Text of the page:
Speaking in the aftermath of the BP oil spill in 2010, EU Energy Commissioner Günther Oettinger described EU legislation based on the 'polluter pays' principle as "serving Europe well, addressing a wide range of risks and challenges associated with this kind of industrial activity".

However, he admitted that there was still "scope for improvement with existing legislation" to make it clearer and up to date. "Be assured that, if proven necessary, we will not hesitate to come with legislative initiatives in the coming months," he told the Parliament's plenary session in July 2010.

On the issue of passing legislation targeting offshore oil drilling, he said that "safety is non-negotiable. We have to make sure that a disaster similar to the one in the Gulf of Mexico will never happen in European waters. This is why we propose that best practices already existing in Europe will become the standard throughout the European Union".

Taking stock of the directive's implementation in June 2010, Hans Lopatta, an official at the European Commission's environment directorate, said the draft conclusions showed that there had only been 50-odd ELD cases so far.

One of the reasons for the low number is the "complicated technical requirements and challenges related to economic valuation and remediation methods," Lopatta suggested.

He stressed that a broad variety of different implementations across the EU 27 made it difficult to assess the effectiveness of the ELD. "Where the directive gives member states the flexibility to choose what action to take, we see a diverse picture across Europe," he said.

The biggest problem with financial liability schemes, he said, may be the "underdeveloped awareness by operators of their ELD liabilities and the available financial security products and markets". Therefore, he saw "awareness-raising with operators as well as brokers" as one of the main challenges to improving the directive's implementation.

The European People's Party (EPP) group, the largest in the European Parliament, said environmental policy should tackle the causes of pollution, not the symptoms. Those responsible for environmental damage should pay for the "overall macroeconomic costs" and be given incentives to avoid producing harmful emissions, it said.

"Only if we take this into account all operators will then take their responsibilities in this field equally seriously," it added.

"We underline that business should operate in a framework where it is held responsible for environmental damage for which it is responsible. Liability has to be well defined and a liability regime must be based on clear definitions, practicalities and consequences," the EPP group said in a statement

In May 2003 the Party of European Socialists and the Greens retabled amendments related to four key issues of the directive: its scope, defences and mitigation factors, financial security provisions for companies and changes to the proposal's legal basis.

But the European Parliament's rapporteur on the directive sought to tame expectations ahead of the Parliament's first reading in 2004, saying it would be "unworkable to go too far at once". Dutch MEP Toine Manders (Liberals) warned that the EU's upcoming enlargement to ten new member states from Central and Eastern Europe risked delaying the directive's adoption. "If this directive is not accepted in the May plenary, we can forget this very important environmental legislation for the coming decade, because of enlargement," he stressed.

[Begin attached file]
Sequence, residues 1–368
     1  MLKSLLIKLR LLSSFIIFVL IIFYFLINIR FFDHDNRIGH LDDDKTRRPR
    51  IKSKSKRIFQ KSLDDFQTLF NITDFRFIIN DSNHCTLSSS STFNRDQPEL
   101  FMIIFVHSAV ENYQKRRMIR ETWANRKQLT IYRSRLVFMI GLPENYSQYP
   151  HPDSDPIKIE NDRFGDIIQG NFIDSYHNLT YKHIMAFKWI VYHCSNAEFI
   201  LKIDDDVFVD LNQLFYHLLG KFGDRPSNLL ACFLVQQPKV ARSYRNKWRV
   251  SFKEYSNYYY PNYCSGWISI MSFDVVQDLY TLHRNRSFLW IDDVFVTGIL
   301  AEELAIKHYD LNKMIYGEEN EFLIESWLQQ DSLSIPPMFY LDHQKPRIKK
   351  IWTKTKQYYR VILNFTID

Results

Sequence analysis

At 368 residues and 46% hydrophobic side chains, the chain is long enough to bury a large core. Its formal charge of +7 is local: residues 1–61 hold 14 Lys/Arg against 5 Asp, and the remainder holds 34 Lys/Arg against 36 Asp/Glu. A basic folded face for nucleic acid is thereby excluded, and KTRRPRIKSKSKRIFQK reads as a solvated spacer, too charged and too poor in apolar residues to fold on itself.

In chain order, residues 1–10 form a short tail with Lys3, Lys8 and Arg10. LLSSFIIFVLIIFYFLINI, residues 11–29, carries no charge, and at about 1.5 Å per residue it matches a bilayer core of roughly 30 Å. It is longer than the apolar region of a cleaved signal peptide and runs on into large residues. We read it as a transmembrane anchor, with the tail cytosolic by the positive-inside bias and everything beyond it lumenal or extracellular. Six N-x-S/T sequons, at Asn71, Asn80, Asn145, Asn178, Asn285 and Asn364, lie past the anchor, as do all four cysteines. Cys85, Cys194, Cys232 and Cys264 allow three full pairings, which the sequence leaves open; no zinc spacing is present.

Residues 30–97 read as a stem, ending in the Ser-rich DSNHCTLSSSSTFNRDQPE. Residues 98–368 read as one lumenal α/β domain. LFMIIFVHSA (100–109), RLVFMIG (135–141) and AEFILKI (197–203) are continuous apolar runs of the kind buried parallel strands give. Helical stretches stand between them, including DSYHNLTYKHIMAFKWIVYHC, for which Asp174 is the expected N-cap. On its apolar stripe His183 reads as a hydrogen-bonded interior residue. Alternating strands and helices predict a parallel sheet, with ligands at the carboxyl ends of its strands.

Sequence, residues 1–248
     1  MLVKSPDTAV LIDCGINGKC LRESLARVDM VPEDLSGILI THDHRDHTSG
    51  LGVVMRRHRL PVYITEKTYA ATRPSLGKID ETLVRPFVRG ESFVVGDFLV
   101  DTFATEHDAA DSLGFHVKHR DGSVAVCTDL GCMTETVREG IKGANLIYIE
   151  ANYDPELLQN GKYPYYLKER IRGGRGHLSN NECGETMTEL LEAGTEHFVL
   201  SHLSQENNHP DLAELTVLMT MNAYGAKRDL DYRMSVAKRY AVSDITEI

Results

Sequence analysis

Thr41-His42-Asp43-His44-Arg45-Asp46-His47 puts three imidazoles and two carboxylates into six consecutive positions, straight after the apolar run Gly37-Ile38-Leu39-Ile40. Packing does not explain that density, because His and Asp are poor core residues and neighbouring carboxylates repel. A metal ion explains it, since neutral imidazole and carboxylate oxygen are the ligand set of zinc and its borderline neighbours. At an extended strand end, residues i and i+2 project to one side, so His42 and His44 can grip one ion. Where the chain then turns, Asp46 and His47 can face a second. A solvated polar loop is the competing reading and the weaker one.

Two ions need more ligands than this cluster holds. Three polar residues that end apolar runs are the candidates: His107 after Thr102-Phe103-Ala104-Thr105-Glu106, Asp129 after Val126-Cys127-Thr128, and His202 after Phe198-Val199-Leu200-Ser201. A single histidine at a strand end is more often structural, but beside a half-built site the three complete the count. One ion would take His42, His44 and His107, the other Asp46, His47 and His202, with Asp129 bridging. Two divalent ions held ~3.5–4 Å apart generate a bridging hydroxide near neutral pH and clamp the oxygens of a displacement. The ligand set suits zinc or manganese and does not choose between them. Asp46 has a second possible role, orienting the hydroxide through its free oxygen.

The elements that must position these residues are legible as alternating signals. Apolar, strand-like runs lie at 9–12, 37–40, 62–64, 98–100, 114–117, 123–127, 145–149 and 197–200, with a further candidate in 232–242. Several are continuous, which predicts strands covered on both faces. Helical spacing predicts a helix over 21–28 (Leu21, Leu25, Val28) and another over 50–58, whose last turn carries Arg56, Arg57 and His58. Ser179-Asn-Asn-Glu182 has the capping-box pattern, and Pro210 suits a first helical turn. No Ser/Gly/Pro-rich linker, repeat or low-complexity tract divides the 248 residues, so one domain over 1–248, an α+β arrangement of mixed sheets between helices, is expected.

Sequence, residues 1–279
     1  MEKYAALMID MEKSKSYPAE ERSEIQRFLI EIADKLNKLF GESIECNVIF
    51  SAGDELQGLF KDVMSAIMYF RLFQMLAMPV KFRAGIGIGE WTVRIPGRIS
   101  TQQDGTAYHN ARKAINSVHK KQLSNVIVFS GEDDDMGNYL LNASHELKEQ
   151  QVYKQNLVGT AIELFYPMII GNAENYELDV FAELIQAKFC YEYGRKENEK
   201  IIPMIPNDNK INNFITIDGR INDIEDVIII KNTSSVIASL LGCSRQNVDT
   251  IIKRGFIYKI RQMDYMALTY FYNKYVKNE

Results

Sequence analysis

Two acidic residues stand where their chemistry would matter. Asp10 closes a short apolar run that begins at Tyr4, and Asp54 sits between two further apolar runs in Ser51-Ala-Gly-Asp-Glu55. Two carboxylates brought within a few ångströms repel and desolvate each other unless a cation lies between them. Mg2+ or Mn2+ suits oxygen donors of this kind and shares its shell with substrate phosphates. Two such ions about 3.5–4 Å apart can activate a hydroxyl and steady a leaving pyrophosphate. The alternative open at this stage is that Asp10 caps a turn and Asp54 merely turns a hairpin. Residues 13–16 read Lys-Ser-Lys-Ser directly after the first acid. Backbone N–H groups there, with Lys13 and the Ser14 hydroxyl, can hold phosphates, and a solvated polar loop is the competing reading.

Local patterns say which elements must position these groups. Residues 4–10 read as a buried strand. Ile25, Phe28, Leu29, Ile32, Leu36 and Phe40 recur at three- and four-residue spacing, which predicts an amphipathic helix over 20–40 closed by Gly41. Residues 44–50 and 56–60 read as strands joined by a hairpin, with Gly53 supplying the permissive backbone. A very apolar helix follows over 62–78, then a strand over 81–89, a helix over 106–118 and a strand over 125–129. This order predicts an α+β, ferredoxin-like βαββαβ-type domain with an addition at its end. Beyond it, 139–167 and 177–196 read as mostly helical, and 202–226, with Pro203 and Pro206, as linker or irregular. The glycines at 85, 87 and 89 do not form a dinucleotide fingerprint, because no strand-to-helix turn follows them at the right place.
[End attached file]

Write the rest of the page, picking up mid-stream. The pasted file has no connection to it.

The Council of European Municipalities and Regions (CEMR) called on MEPs to reject amendments to the directive that "allow for broad exemptions from liability, limit possibilities for developing an appropriate financial security regime and for authorities to prove that the operator is indeed at fault in order to recover costs".

"In the vast majority of these cases it is the taxpayer who, either wholly or partially, meets the cost of the clean-up," the CEMR's environment spokesperson Lucy Swans said in a statement.

Europabio, the European Association of Bio-industries, which represents GMO crop manufacturers, called for environmental liability to have clear legal principles. "Operators must be encouraged to conform to environmental standards and should not be held liable where they comply with their permits. This is vital toensure the prevention of environmental damage by emphasising the need to adhere to the conditions in a permit."

"Without it, the permitting system will be undermined, and with it the possibility of providing insurance or financial security reduced," it said in a joint statement with Eurochambres, the European network of chambers of commerce. "A clear link between an activity and the damage occurring must be established, with operators liable only for the proportion of the damage they caused," the statement added.

Michaela Koller, director-general of CEA, the European Insurance Federation, welcomed the Commission's decision in October 2010 not to impose mandatory insurance scheme on companies, saying it would not be feasible at the moment.

The CEA said insurers were facing challenges in developing products because of a lack of available data on ELD claims and on the cost of preventive and remedial measures, due to late implementation of the ELD into national law in many countries. "It is likely to take a number of years before detailed and reliable data emerges, especially where compensatory remediation is involved, as the time required to restore the damaged resource to its previous condition could take several years," said Koller.

Lack of data is not the only reason why the CEA believes a compulsory scheme at EU level would not be appropriate. "Such a scheme would face obstacles in terms of differing liability cultures between member states, differences in ELD implementation and different environmental threats," the CEA said. "The current low levels of awareness of the ELD among both operators and the authorities also make a compulsory scheme unfeasible."

A review of the directive by Lockton, the world's largest privately-held insurance broker, describes EU member states' compliance with the directive as "untested". Insurance brokers must therefore be "willing to work with a moving target and be creative in developing environmental insurance solutions in the midst of this uncertainty," it states.